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Holocene environmental changes of Lake Geneva (Lac Léman) from stable isotopes (δ13C, δ18O) and trace element records of ostracod and gastropod carbonates

AutorAnadón, Pere ; Moscariello, A.; Rodríguez-Lázaro, Julio; Filippi, M.L.
Palabras claveHolocene
Trace-element Geochemistry
Stable isotopes
Ostracods
Lake Geneva
Gastropods
Fecha de publicación2006
EditorKluwer Academic Publishers
CitaciónJournal of Paleolimnology 35: 593- 616 (2006)
ResumenStable isotopes and trace-element contents of ostracod (Candona neglecta) valves mostly from the Holocene portion of two assembled cores from Petit Lac (Lake Geneva, Switzerland-France) were analysed in order to depict the geochemical record of post-glacial environmental changes of this lake. Additional stable isotope and trace element data from the gastropod Bithynia tentaculata (shells and opercula) from some intervals of these cores, as well as previous data from bulk carbonate from the lower part of the studied intervals were also considered. Mg/Ca and Sr/Ca molar ratios for the Holocene lake water have been estimated from evaluations of the partitioning coefficients for Mg and Sr for C. neglecta and B. tentaculata taking into account the modern-lake water composition. This study shows an overall gentle trend to higher δ18O values in C. neglecta valves from the Boreal interval (mean -8.44‰) to the upper part of the core (mean -8.11‰). This trend is superimposed to higher frequency oscillations of stable isotope values and trace element ratios, especially through the upper Older Atlantic and the Subboreal. The overall isotopic oxygen trend includes several shifts in δ18O of about 1‰. These shifts are interpreted as major regional-global climate changes that have also been observed in other coeval δ18O and pollen records which reflect the Holocene climate variability in other European basins. Especially well-defined peaks in some episodes like Older Atlantic (∼8200 yr BP), Younger Atlantic - Subboreal transition (∼5600 yr BP) and early Subatlantic (∼ 2500 yr BP) correspond to well-recognized events in globally-distributed records. Some of these shifts are correlated with pulses in the lake-level curve of the Lake Geneva. © Springer 2006.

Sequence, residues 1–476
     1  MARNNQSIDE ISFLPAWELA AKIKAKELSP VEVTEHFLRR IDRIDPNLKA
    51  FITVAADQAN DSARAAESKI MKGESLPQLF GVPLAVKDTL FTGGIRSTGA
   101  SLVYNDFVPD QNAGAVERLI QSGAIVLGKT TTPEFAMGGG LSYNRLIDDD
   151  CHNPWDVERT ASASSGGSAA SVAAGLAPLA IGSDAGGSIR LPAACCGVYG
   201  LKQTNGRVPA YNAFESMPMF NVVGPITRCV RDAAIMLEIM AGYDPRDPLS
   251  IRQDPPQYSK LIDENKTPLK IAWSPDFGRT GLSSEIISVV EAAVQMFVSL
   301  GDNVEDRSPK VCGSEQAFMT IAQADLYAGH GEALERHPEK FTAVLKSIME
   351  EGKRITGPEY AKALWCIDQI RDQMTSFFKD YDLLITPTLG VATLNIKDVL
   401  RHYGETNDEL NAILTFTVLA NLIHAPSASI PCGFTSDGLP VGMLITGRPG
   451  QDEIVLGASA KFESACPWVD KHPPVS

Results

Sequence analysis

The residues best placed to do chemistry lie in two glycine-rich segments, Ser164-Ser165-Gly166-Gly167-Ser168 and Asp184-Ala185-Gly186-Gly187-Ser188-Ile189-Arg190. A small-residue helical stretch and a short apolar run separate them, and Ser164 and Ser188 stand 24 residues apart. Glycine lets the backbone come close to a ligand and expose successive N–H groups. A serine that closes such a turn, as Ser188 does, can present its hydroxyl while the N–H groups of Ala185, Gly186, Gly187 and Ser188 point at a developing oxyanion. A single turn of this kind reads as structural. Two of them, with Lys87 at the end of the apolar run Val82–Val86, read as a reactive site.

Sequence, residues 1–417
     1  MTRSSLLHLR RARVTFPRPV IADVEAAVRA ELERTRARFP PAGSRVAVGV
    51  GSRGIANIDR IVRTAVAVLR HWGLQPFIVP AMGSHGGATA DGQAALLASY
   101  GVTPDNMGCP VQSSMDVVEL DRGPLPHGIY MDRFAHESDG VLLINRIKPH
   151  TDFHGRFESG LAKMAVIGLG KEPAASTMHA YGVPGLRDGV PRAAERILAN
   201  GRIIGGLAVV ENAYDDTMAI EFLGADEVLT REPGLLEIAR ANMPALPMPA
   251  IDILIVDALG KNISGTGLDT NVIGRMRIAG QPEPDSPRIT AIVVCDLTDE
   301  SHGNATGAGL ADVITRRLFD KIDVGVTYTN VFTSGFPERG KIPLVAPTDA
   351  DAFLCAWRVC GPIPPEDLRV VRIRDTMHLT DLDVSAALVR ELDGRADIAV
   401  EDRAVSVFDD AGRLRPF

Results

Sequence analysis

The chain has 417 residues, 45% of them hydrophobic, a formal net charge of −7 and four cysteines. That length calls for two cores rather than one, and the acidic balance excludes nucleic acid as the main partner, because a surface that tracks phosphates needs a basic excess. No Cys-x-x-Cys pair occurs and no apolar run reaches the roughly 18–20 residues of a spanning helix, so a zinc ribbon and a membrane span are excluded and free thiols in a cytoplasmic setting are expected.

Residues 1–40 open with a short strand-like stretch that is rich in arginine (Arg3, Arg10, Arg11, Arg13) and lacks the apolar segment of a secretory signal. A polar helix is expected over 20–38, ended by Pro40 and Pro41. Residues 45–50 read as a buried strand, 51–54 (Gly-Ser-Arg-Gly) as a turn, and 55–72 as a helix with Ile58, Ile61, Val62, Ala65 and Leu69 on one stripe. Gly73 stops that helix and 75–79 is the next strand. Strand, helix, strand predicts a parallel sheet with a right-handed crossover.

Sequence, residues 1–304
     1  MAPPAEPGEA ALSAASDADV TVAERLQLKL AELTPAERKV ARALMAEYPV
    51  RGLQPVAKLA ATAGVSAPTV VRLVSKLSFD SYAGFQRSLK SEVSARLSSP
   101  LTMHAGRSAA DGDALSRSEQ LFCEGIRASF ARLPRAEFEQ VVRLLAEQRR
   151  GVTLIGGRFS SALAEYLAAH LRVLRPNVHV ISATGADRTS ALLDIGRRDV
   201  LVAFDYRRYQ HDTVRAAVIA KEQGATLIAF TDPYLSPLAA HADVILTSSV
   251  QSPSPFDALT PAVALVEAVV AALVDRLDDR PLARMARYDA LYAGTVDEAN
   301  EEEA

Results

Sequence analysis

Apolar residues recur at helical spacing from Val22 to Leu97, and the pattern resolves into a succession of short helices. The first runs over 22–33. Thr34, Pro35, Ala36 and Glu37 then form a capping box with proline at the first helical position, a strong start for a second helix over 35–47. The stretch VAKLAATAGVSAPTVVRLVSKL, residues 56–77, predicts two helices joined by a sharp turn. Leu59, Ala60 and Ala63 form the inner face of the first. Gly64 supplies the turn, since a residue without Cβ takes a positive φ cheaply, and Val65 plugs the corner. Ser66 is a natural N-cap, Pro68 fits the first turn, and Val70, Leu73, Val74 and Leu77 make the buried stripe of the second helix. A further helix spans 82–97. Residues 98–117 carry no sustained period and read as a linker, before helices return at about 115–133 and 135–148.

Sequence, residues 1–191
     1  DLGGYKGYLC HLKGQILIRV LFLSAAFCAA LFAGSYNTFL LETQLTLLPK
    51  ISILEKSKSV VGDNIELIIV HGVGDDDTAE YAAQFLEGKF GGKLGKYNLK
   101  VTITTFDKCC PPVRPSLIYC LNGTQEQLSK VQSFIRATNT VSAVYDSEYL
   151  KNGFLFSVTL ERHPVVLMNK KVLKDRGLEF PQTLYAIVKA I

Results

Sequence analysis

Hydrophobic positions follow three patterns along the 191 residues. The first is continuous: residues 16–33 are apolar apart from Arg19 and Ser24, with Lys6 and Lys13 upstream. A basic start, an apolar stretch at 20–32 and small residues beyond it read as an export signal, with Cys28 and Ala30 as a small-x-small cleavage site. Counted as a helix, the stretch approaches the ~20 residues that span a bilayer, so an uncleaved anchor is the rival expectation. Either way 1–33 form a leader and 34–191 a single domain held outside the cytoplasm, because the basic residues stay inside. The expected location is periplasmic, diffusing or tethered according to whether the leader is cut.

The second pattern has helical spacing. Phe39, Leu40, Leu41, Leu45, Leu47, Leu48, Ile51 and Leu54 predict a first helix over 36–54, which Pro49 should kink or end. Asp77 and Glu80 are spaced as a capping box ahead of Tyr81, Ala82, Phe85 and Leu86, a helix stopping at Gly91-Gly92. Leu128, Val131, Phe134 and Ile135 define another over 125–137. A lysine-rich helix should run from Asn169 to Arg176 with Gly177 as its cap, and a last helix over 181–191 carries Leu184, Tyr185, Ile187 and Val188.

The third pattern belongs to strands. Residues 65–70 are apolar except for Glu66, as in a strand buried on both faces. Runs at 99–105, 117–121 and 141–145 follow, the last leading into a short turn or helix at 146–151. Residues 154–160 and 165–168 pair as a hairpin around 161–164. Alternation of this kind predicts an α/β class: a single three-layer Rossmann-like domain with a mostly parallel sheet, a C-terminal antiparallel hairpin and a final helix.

URIhttp://hdl.handle.net/10261/142485
DOI10.1007/s10933-005-4009-5
Identificadoresdoi: 10.1007/s10933-005-4009-5
issn: 0921-2728
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